Preparing for the Mid Terms – key risks


The United States voters go to the polls today to vote in the Mid-Term elections, a subject touched on in yesterday’s calendar item. So what are the key risks ?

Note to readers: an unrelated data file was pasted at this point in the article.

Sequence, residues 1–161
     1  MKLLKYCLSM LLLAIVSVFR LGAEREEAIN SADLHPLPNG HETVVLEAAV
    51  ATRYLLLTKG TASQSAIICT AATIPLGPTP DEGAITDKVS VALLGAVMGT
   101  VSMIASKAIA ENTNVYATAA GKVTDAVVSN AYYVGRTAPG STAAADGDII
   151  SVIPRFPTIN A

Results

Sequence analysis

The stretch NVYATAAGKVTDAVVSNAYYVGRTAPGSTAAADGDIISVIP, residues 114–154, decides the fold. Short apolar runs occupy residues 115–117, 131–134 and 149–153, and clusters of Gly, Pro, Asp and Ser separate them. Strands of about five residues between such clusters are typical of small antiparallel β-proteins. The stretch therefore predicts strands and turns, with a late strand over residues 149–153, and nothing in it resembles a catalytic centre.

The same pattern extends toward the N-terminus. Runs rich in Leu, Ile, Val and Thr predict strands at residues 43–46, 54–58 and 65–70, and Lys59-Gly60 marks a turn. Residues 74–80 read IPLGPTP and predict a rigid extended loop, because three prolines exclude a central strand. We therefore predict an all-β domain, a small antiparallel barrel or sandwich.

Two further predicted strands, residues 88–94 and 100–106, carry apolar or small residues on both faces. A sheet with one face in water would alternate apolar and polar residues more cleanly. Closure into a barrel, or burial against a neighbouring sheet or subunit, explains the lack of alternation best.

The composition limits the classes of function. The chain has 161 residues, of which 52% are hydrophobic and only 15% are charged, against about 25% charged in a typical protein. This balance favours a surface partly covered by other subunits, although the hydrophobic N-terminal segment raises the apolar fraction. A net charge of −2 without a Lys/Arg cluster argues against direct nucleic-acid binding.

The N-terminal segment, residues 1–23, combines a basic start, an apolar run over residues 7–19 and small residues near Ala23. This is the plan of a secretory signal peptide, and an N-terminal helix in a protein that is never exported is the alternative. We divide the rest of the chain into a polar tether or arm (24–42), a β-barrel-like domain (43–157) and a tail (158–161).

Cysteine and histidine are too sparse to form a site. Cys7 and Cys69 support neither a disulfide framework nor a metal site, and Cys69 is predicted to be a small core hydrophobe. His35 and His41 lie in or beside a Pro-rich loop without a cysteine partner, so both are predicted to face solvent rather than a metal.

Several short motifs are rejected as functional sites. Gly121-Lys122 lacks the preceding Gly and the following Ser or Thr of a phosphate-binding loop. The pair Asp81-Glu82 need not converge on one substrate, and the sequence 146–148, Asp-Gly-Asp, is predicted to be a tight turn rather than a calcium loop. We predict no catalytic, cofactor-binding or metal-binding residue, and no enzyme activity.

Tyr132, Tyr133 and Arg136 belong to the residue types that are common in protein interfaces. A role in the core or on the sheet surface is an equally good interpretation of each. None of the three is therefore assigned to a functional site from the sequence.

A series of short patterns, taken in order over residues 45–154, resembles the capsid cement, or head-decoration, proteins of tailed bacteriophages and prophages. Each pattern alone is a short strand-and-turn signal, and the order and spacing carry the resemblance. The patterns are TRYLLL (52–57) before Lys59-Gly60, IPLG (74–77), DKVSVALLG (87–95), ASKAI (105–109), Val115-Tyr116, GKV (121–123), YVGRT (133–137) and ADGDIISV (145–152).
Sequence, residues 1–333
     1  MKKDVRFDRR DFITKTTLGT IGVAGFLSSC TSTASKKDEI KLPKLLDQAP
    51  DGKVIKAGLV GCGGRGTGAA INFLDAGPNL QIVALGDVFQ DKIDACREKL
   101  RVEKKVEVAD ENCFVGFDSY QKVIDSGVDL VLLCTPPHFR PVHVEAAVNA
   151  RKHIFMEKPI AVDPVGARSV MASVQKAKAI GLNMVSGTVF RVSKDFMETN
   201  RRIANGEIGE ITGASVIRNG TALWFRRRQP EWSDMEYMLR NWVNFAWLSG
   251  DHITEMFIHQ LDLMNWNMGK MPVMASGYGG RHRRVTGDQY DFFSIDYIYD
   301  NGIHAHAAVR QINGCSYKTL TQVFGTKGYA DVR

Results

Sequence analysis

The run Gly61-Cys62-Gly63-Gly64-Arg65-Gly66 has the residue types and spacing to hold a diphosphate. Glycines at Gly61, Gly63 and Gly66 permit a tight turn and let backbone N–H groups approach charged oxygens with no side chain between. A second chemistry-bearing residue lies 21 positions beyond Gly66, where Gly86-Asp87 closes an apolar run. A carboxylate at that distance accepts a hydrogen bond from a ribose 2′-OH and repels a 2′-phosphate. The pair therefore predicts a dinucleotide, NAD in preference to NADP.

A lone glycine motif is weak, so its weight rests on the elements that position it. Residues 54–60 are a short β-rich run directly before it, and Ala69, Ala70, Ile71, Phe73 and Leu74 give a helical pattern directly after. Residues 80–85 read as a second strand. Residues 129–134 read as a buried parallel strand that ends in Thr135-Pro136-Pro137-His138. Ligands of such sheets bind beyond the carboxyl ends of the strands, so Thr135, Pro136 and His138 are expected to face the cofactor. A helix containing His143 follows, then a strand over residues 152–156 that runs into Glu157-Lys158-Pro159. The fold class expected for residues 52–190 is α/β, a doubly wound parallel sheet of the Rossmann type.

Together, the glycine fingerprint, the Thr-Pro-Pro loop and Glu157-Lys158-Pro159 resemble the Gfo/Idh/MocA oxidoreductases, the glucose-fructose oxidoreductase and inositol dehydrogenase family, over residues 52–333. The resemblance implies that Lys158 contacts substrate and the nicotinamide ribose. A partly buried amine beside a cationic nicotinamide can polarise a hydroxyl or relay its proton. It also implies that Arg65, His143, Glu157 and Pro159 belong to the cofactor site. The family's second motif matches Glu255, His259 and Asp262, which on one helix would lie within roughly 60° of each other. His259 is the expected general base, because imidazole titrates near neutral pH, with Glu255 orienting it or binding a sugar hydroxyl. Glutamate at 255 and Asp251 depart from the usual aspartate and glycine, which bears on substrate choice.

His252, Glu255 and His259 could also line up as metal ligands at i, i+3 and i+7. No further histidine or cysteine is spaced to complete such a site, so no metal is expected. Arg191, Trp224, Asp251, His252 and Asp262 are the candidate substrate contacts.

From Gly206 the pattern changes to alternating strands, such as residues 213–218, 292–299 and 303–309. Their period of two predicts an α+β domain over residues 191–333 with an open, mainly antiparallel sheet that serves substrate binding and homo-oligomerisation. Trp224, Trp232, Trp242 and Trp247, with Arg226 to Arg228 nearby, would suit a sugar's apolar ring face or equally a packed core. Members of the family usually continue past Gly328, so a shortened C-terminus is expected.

Firstly, this is a turnout battle. Quite simply, the side that proves better at motivating its registered voters to get out and vote will gain the upper hand. However it is important to remember that only the lower chamber of Congress (House of Representatives) has all 435 seats contested. In the Senate, only 35/100 seats are in play. Currently, the Republicans control both chambers, but they do not have the comfortable margin that would be necessary to get legislation enacted with any form of dissent in their own ranks, as evidenced by the Kavanaugh fiasco. Some commentators believe that the Democrats will gain overall control of the House, but be unable to make sufficient ground to also gain control of the Senate. This would result in a democrat program of frustrating Government business without regard for merit. This is not ideal, but not a disaster. Barack Obama had similar problems but in the end solved them by the use of Executive Orders, which simply by-pass the legislature. The worst-case scenario for Trump, the Dollar and equity markets in general would be Democrat victories in both the House and the Senate. This would pave the way for the Democrats to pursue their dream of impeaching the President for the heinous crime of beating Hillary Clinton in 2016. Such an outcome would be likely to cause large-scale withdrawal of investor funds and cause them to look for opportunities elsewhere. It needs hardly be said that if the business of economic growth is not seen as a priority by the arms of Government then continued investment seems most unwise. Additionally, one assumes that a certain amount of economic positivity is already priced into both the currency and equity markets, and such a Democrat victory is likely to cause a scramble to realise value whilst the opportunity exists. This is where a note of caution needs to be sounded regarding Exit Polls and Pundits. Anyone who paid attention to pundits in November 2016 will recall that Hillary Clinton was repeatedly given a 98% chance of winning the Presidential race. Since most U.S. news channels are highly partisan we’d view any such forecasting with suspicion. Although there will be the usual accusations of voter fraud and dirty tricks, the only thing that matters are the actual results – not the predictions. Finally, if the Republicans retain control of both chambers, and even increase their margins, we’d expect to see a victory rally for dollar and equity assets, in the short term at least.

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